Nearly a month after his passing due to colorectal cancer, friends, fans and co-stars continue to share stories of the private, yet thoughtful person that Chadwick Boseman was.

One person in particular, Sienna Miller — who starred alongside the beloved entertainer in last year’s cop thriller 21 Bridges — shared how Boseman (who was also a producer on the movie) not only helped her get cast for the role of detective Frankie Burns, but also helped get her paid her worth as a woman in Hollywood.

“He produced 21 Bridges, and had been really active in trying to get me to do it,” Miller said in an interview for Empire’s tribute cover to the late actor. “He was a fan of my work, which was thrilling, because it was reciprocated from me to him, tenfold. So he approached me to do it, he offered me this film, and it was at a time when I really didn’t want to work anymore. I’d been working non-stop and I was exhausted, but then I wanted to work with him.”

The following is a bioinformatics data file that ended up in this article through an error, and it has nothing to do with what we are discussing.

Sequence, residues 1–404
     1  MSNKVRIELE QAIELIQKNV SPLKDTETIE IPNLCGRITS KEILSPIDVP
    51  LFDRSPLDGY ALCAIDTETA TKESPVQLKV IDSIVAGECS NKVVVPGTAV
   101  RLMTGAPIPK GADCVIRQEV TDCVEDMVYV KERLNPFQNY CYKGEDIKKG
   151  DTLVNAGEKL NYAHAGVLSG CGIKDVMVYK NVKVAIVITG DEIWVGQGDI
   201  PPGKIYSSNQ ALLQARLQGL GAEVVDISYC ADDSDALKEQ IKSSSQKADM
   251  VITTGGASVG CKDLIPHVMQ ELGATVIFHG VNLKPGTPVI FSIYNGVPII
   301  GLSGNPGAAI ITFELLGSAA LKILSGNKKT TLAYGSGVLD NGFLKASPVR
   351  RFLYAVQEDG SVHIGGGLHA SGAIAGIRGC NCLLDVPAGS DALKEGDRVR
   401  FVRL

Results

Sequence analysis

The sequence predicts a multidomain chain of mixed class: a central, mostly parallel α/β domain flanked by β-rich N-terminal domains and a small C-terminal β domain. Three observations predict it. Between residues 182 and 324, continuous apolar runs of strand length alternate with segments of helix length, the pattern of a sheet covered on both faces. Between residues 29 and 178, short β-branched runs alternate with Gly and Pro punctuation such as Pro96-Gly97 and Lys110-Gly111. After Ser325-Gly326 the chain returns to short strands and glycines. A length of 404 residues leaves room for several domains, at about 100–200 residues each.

When studios wouldn’t give Miller her asking price, the actress says Boseman did what many people knew him to do: offer himself to lift someone else up.

“This was a pretty big budget film, and I know that everybody understands about the pay disparity in Hollywood, but I asked for a number that the studio wouldn’t get to,” she continued. “And because I was hesitant to go back to work and my daughter was starting school and it was an inconvenient time, I said, ‘I’ll do it if I’m compensated in the right way.’ And Chadwick ended up donating some of his salary to get me to the number that I had asked for. He said that that was what I deserved to be paid.”

It’s hard being a professional actor, let alone a professional Black actor in Hollywood. So for Boseman to do what he did was unprecedented and even unheard of.

“It was about the most astounding thing that I’ve experienced,” Miller shared. “That kind of thing just doesn’t happen.”

“He said, ‘You’re getting paid what you deserve, and what you’re worth.’ It’s just unfathomable to imagine another man in that town behaving that graciously or respectfully. In the aftermath of this, I’ve told other male actor friends of mine that story and they all go very very quiet and go home and probably have to sit and think about things for a while. But there was no showiness, it was, ‘Of course I’ll get you to that number, because that’s what you should be paid.’”

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